Contracting Temperament

A couple approached the front door of our house this evening. Ding-dong! I
opened the door. "Oh, you’re moving?" Uh, yeah. I
explained: The place is listed. Call the realtor on the sign. Then
they said they weren’t interested in buying. They planned to call our LaLo
about renting it. ORLY? That’s right. Come to find out, the
same LaLo who slammed us with an imperative to move back in April has posted
this very house for "sale or rent" at
. The rent he’s asking is $100 bucks more per month
than we’re paying now, but it looks like the lackluster real estate market has
motivated him to rent again. The prospective renters who stopped by this
evening weren’t especially won over by my look of surprise (a genuine look…come
). I showed them around and explained that we were happy enough
with the place, that we would have stayed longer had we not been, in effect,
forced out to appease some impulse of greed. *sigh*

Yesterday I called the *new* AT&T to check on upping the minutes on our
cellular plan. We’re land-line free and using a few more minutes than our
current plan can bear. I climbed and swung through the number tree and
arrived, much to my misfortunate I would later learn, on a "Sales" branch of the
tree talking with someone called Betty. I told Betty I needed more
minutes. Can I switch to a plan with more minutes? She answered
back: "It says here you would have to upgrade your account and pay an upgrade
fee of $18. If you upgrade, you would be voiding your current contract, so
you would have to pay market value for new phones. You would also have to agree
to a two-year contract." What the? Say, Betty, I like the
phones we already have, and I just need more minutes. Betty and I talked past
each other for several more minutes. Having gone through something like this
before, I was fairly certain there was a way to do what I wanted without handing
over an upgrade fee and shelling out for new phones. In the afternoon, I
tried again. Talked someone called Lance who took care of everything in
only a couple of minutes.

Here’s the most striking irritant by far: a bitter pill from P.U. regarding
the course development and upkeep work I’ve done over the past few years.
Received word a couple of weeks ago that the existing royalty structure is being
scrapped in the new contracts that have been foisted on existing developers.
Developers of high-enrolling (mulitple-section) courses stand to lose a fair
amount of money. The new development/maintenance contracts pay out $150
per term for courses with just one section and a flat-rate of $200 per term for
courses with two or more sections. I got involved initially because the royalty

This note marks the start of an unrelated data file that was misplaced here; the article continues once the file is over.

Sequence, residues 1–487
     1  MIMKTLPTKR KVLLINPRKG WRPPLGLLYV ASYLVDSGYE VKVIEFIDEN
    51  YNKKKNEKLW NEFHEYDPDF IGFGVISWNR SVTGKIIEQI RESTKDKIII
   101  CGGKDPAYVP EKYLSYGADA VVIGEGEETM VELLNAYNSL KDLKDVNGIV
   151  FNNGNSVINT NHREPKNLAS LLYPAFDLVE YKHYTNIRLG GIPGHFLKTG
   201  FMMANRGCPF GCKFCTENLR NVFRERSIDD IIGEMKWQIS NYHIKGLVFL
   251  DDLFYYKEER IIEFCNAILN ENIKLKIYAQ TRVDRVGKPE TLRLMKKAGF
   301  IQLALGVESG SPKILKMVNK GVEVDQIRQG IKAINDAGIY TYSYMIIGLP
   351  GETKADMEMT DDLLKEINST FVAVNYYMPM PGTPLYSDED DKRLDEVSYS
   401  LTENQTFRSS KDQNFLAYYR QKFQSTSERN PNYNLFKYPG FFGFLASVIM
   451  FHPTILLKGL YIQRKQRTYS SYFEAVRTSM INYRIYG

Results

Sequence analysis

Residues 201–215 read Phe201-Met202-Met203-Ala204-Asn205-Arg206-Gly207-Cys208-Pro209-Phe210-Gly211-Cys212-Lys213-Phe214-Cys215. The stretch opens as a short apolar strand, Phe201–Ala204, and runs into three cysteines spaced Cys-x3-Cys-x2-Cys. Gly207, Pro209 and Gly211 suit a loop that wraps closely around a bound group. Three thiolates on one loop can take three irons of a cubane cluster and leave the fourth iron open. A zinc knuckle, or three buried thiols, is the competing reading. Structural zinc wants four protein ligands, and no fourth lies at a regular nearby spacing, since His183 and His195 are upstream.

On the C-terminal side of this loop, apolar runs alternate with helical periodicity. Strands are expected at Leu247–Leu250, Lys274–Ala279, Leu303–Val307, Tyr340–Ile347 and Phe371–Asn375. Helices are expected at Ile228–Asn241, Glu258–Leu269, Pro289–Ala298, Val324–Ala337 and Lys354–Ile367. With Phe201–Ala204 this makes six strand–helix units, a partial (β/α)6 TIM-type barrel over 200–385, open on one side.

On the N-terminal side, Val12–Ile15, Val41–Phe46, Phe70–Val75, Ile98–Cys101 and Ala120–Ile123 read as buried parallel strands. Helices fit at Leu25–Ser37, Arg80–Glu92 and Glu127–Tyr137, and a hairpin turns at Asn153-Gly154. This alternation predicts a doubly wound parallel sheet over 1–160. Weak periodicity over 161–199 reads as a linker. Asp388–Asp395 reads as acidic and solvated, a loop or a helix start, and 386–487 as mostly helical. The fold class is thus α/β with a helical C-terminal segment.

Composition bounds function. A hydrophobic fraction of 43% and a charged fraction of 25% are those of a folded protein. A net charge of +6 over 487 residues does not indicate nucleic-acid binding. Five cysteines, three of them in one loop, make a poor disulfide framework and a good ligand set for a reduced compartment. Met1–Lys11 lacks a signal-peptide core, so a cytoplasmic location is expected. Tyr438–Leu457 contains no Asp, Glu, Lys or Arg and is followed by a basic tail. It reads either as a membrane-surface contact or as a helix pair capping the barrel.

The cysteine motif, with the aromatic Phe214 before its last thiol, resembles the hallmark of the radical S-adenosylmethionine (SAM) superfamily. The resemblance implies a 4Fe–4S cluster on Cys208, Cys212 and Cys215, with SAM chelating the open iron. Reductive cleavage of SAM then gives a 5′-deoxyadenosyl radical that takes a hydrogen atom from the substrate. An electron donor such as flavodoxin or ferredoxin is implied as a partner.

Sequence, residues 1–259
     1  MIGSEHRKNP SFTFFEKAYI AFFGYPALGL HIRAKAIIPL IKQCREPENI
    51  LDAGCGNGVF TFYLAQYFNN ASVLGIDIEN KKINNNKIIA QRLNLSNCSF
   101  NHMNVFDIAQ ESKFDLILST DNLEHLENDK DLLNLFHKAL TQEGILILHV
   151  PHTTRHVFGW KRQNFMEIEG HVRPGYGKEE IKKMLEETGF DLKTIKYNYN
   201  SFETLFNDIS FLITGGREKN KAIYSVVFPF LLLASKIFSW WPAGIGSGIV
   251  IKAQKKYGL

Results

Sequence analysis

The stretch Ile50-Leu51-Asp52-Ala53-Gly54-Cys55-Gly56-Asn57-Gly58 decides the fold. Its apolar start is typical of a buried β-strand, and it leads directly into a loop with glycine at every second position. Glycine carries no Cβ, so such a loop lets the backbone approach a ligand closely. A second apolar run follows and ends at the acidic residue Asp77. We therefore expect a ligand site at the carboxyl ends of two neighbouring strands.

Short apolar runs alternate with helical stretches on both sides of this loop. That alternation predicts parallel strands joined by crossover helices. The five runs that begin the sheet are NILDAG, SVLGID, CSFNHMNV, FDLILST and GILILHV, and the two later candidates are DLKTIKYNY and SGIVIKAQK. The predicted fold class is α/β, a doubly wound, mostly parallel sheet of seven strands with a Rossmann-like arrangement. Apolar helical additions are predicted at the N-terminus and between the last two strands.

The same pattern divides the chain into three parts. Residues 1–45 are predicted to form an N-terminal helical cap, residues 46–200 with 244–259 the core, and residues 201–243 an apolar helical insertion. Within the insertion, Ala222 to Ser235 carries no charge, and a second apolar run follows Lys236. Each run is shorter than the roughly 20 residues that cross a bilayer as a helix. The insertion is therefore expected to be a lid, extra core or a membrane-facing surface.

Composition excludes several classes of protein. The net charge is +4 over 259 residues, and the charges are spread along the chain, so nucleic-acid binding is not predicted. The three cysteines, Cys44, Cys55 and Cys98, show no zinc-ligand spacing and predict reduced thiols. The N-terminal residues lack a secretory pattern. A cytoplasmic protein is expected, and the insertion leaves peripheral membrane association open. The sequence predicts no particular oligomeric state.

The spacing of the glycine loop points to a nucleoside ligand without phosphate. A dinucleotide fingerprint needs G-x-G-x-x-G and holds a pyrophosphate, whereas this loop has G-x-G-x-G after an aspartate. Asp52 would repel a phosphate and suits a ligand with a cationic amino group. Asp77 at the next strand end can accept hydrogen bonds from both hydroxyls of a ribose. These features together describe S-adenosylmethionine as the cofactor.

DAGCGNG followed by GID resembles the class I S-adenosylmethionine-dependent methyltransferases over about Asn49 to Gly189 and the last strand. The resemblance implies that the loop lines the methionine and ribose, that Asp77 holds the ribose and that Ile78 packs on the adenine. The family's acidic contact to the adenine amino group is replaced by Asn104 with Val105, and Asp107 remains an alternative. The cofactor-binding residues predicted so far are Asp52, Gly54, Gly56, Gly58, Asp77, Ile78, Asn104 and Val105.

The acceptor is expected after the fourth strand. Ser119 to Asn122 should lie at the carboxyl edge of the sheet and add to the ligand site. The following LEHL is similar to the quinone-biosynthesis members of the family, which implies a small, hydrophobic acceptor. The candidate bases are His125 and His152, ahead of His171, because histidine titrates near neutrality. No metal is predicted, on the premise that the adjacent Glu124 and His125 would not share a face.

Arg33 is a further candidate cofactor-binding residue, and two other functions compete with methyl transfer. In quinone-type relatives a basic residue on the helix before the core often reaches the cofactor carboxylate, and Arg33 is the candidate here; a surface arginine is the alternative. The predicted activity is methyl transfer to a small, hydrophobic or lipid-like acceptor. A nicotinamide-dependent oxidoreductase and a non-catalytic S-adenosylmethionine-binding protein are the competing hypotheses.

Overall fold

structure at the time scaled according to the number of total sections of a
given course. At the time (right after 9-11), everyone was in a clamor about
deployed enrollments (an exodus of on-site students who would be TDY to
Afghanistan or elsewhere). There was a rush to attract developers of
high-enrolling courses, and this was done with the snake oil of two-year
contracts which paid royalties of $3 per student (also, there were evil grins
and promises to make decent pay for the work involved). Once the
high-enrolling courses were developed and in place (all work-for-hire), there
was a change in program leadership and a new contract. This one, around
2004, paid $60 per section to developers for ongoing maintenance (answering
emails, writing new course materials, responding to inquiries from instructors,
and so on). Again, two-year contracts. Only with these, because I
knew I would be enrolling in a PhD program where the stipend, generous though it
is, wouldn’t be enough to do much more than pay rent, I met with then-director
of the distance learning program and was given verbal reassurance that
the contracts would be renewable, that I could count on that income provided P.U.
thought highly of the design of those courses (this has never been raised as a
question, for what it’s worth). The new contracts depart radically from
the former system. I talked to the new interim director by phone today and was
told plainly that the contracts were a strictly legal matter, that the new
contracts were all that was available, and that they understood some developers
would lose out. Unfortunately, I happen to be one of them. If I don’t want
to continue as a developer, I was told, I have the right of first refusal.

They’re making a lot of loot on the online courses. What’s happened, as
I see it, is that demand for the courses has shifted into the long tail of the
curriculum–those courses that need to be developed even though there will only
be one section. Redistributing the royalty structure gives the U. ways
improve incentives for developers of low-enrolling courses. Another
factor: the U. has brought "instructional designers" on staff who will
collaborate with the less tech-savvy among the faculty. I could go on and
on about this, but I’ll stop. Nothing I can do about it, given that my
energy must be directed elsewhere. What irks me the most? An
institution stands to gain from these [adjective] employment practices that thrive when
institutional memory is short (use of part-timers, work-for-hire,
contingent staff and instructors, and also high turnover in administrative posts
related to the online program). Part-timers, those whose contracts, like
light bulbs, are good for about two years, have no union, no bargaining unit, no
collective voice, and, in effect, not an ounce of leverage in decisions that position them as
expendable labor. The contracts were never negotiable, not even up for
discussion (difficult, even, to get a phone conversation in which I could ask